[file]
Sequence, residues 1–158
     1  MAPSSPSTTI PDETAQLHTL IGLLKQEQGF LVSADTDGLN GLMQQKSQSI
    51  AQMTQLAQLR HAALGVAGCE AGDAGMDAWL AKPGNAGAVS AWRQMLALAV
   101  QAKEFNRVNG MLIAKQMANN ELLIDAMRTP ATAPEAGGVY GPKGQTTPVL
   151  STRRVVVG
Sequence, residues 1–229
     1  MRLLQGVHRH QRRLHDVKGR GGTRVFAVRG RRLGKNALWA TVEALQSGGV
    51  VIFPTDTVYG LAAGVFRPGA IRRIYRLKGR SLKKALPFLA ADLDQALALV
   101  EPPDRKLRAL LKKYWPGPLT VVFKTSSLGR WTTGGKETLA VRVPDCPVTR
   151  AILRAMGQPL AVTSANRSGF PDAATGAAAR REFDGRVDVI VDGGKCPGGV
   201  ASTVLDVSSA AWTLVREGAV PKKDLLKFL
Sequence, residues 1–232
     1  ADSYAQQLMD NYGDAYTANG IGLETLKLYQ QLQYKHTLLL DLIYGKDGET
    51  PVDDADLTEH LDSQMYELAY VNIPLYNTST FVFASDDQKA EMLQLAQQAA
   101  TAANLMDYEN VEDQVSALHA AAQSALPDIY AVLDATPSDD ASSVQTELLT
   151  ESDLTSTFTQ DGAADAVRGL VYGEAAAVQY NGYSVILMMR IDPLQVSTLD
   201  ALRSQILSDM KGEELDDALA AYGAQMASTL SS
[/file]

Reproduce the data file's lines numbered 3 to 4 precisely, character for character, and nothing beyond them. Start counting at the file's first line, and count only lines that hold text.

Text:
    51  AQMTQLAQLR HAALGVAGCE AGDAGMDAWL AKPGNAGAVS AWRQMLALAV
   101  QAKEFNRVNG MLIAKQMANN ELLIDAMRTP ATAPEAGGVY GPKGQTTPVL